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Principal Component Models for Generating Large GARCH Covariance Matrices


  • Carol Alexander


type="main" xml:lang="en"> The implementation of multivariate GARCH models in more than a few dimensions is extremely difficult: because the model has many parameters, the likelihood function becomes very flat, and consequently the optimization of the likelihood becomes practicably impossible. There is simply no way that full multivariate GARCH models can be used to estimate directly the very large covariance matrices that are required to net all the risks in a large trading book. This paper begins by describing the principal component GARCH or ‘orthogonal GARCH’ (O-GARCH) model for generating large GARCH covariance matrices that was first introduced in Alexander and Chibumba (1996) and subsequently developed in Alexander (2000, 2001b). The O-GARCH model is an accurate and efficient method for generating large covariance matrices that only requires the estimation of univariate GARCH models. Hence, it has many practical advantages, for example in value–at–risk models. It works best in highly correlated systems, such as term structures. The purpose of this paper is to show that, if sufficient care is taken with the initial calibration of the model, equities and foreign exchange rates can also be included in one large covariance matrix. Simple conditions for the final covariance matrix to be positive semi-definite are derived. (J.E.L.: C32, C53, G19, G21, G28).

Suggested Citation

  • Carol Alexander, 2002. "Principal Component Models for Generating Large GARCH Covariance Matrices," Economic Notes, Banca Monte dei Paschi di Siena SpA, vol. 31(2), pages 337-359, July.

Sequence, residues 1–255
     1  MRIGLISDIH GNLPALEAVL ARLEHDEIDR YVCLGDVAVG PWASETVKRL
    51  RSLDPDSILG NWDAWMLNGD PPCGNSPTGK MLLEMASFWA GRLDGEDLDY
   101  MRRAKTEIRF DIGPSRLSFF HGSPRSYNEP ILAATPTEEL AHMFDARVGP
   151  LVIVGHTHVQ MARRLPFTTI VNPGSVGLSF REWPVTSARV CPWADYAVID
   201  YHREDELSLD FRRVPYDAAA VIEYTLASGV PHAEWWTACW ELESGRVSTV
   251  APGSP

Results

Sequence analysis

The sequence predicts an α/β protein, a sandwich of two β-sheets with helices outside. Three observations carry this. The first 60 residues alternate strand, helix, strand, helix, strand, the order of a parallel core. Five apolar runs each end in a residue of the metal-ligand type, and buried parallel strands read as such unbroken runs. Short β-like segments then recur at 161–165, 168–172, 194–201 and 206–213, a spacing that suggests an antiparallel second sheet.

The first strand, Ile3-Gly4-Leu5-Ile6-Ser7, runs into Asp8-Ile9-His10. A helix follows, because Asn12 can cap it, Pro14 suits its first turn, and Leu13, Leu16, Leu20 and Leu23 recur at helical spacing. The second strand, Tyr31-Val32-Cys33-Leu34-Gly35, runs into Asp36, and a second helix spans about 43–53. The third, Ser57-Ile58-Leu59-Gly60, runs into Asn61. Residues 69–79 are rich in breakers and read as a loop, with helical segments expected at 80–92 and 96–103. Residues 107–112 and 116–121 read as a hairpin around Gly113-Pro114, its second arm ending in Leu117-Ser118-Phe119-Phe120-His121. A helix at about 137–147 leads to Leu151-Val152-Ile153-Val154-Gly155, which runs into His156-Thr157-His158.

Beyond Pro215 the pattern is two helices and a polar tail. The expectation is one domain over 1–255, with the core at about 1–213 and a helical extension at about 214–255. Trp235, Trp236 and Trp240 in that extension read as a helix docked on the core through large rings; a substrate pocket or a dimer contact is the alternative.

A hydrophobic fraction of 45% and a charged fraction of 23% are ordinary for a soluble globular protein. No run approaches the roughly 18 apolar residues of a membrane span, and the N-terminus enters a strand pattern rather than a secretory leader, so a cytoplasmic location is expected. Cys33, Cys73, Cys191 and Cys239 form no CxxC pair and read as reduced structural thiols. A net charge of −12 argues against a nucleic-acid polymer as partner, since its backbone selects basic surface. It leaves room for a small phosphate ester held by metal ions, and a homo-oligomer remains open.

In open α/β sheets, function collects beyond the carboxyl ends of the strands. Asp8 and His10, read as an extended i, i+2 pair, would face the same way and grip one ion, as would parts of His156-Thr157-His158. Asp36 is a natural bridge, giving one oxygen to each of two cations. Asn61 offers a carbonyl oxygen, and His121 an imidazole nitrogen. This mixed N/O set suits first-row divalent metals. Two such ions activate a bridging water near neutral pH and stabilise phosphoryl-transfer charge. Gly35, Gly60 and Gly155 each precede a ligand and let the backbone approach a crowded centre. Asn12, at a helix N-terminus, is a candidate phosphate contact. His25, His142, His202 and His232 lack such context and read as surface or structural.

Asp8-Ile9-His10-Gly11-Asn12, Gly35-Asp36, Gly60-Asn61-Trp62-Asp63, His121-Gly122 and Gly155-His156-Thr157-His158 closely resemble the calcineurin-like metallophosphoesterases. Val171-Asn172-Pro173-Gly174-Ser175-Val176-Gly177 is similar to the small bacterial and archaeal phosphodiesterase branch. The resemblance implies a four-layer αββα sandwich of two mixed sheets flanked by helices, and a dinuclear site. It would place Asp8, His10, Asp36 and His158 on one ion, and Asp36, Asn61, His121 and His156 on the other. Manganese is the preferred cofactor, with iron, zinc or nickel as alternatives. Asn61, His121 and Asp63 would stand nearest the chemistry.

• Handle: RePEc:bla:ecnote:v:31:y:2002:i:2:p:337-359

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    Cited by:

    1. Martin Vojtek, 2004. "Calibration of Interest Rate Models - Transition Market Case," Finance 0410015, EconWPA.
    2. Claudio Morana, 2014. "New insights on the US OIS spreads term structure during the recent financial turmoil," Applied Financial Economics, Taylor & Francis Journals, vol. 24(5), pages 291-317, March.
    3. Redouane Elkamhia & Denitsa Stefanova, 2011. "Dynamic Correlation or Tail Dependence Hedging for Portfolio Selection," Tinbergen Institute Discussion Papers 11-028/2/DSF10, Tinbergen Institute.
    4. Márcio Poletti Laurini & Roberto Baltieri Mauad & Fernando Antonio Lucena Aiube, 2016. "Multivariate Stochastic Volatility-Double Jump Model: an application for oil assets," Working Papers Series 415, Central Bank of Brazil, Research Department.
    5. Anthony H. Tu & Cathy Yi-Hsuan Chen, 2016. "What Derives the Bond Portfolio Value-at-Risk: Information Roles of Macroeconomic and Financial Stress Factors," SFB 649 Discussion Papers SFB649DP2016-006, Sonderforschungsbereich 649, Humboldt University, Berlin, Germany.
    6. Claudio, Morana, 2015. "Semiparametric Estimation of Multivariate GARCH Models," Working Papers 317, University of Milano-Bicocca, Department of Economics, revised 10 Dec 2015.
    7. Anshul Verma & Riccardo Junior Buonocore & Tiziana di Matteo, 2017. "A cluster driven log-volatility factor model: a deepening on the source of the volatility clustering," Papers 1712.02138,

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